A head torch may be of some use. In these types of areas, it is better to get up at dawn and pack away as quickly as possible.
Ask Someone Where To Wild Camp
Don't be afraid to ask the locals if there is somewhere suitable to camp for the night. A little knowledge goes a long way. You may even be invited to camp on someone's property or given a bed for the night.
Once you have found somewhere you think is suitable, take five or ten minutes to suss out the vibe of the place. Is it too close to a road, near cattle or on boggy ground? I remember one irritating moment when I was setting my tent up, only to discover a family of bears watching me! I hit the road again pretty quickly!
Don't Start A Fire
Unless you are in a wilderness area or it is common practice to have an open fire in the area you are cycling through, don't start a fire! It will give away where you are camping.
Many ‘dry' countries also suffer from wildfires. They are likely to take a dim view of your behaviour if you are discovered!
Keep it Quiet
The same goes for loud music. It will give away where you are camping, and may annoy people living nearby. It's best to keep all noise to a minimum.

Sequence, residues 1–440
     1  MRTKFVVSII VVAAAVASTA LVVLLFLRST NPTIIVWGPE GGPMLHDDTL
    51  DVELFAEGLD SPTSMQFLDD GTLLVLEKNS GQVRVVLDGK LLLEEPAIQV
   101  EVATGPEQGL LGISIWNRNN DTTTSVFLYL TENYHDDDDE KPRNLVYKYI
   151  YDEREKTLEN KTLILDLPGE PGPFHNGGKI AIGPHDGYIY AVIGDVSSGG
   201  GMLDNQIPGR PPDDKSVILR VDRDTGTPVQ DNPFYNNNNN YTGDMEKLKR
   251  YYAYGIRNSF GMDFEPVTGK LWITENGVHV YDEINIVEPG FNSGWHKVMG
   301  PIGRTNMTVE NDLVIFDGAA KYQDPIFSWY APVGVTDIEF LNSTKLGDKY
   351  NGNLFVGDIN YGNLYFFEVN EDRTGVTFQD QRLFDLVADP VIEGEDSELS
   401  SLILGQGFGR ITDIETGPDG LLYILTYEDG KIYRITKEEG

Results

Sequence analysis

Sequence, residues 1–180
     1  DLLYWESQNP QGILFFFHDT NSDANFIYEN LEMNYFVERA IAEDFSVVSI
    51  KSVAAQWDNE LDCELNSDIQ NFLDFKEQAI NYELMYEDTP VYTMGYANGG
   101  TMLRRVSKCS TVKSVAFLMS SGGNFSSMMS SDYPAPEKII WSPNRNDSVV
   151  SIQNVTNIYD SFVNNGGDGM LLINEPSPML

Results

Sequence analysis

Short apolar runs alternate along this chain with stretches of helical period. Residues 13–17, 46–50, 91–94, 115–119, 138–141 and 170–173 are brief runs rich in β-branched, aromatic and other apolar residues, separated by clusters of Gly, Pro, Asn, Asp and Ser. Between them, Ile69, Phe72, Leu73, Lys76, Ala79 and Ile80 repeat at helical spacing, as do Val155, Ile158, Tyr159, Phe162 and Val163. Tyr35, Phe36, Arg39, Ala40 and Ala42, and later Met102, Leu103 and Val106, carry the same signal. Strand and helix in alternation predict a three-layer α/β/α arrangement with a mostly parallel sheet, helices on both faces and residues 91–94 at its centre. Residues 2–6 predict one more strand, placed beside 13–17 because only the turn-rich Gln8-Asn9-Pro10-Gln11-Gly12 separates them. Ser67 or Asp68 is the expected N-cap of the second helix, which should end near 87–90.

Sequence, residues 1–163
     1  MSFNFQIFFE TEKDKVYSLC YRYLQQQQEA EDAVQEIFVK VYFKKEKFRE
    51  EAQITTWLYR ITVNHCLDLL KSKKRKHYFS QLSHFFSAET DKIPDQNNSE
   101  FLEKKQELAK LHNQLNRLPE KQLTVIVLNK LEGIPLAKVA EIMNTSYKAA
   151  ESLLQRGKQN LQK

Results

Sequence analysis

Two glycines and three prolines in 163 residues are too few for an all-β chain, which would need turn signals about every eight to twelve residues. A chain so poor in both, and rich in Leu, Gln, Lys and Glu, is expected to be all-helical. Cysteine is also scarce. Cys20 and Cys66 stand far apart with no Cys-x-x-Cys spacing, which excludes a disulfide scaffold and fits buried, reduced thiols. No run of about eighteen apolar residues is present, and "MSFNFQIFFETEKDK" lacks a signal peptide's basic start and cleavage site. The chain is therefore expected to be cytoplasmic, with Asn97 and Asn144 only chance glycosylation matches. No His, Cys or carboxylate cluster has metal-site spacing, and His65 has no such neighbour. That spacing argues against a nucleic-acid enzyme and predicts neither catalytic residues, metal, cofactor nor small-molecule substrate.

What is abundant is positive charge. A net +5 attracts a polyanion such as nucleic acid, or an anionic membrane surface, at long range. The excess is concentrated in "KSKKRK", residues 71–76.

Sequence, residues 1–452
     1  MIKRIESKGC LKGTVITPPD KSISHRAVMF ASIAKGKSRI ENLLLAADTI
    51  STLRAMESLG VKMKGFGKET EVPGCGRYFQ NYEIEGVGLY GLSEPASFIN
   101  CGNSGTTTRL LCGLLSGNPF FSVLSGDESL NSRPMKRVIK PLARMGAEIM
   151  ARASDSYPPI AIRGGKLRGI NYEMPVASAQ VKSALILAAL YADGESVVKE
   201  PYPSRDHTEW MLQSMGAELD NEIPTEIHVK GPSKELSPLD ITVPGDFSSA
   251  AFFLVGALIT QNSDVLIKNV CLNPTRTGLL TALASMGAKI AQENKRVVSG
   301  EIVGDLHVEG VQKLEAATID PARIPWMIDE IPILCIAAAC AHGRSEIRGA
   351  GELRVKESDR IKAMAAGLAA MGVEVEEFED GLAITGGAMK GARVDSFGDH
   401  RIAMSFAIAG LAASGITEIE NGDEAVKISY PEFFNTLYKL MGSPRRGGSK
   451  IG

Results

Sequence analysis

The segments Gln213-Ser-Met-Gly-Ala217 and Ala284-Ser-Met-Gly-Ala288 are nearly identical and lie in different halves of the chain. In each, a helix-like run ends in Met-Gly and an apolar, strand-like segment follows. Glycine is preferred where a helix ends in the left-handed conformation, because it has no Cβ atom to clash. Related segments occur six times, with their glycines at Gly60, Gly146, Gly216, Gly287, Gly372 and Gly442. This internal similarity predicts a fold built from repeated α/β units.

In the unlikely event that someone asks you to move on, try explaining the situation calmly to them. A smile and a friendly attitude may soften them up, and enable you to get your head down for the night.
Whatever you do, don't start an argument and scream and shout This is going to achieve nothing, and may lead to problems. It's nice to be nice!
Is wild camping safe when bike touring?
Despite what you might think, gangs of armed robbers do not roam the countryside at night looking for wild camping cyclists to rob. This is not to say that it doesn't happen of course, but it is a rare event.
Careful selection of where to wild camp and being inconspicuous should be enough to keep safe. In some areas it may be wise to take other precautions.
If I think someone may have seen me set up camp for the night, I may tie my bike to my tent with fishing wire. This way I will be woken if someone tries to take it for example.
Don't wild camp in dry river beds
Avoid camping in dry river beds. It only takes a little bit of rain for water to build up and start flowing in them. Then, it could be goodbye tent, bike and gear!
Make sure you have enough water to make an evening meal and breakfast the following morning if needed. Taking a water filter when bike touring means you can always have clean, drinkable water.
A sponge bath might not go amiss either, especially after a sweaty day in the saddle!
Toilet Trips When Camping
By all means answer the call of nature, but do it away from your camp (and preferably not uphill from it!). It might not be pleasant, but do not leave any used toilet paper behind.
The following morning, leave the area as you found it. Don't leave rubbish, empty cans or paper where you have camped. Take it with you.
Finally remember the Golden rule of Wild Camping – Pitch late, leave early, be as unobtrusive as possible, and don't leave litter behind!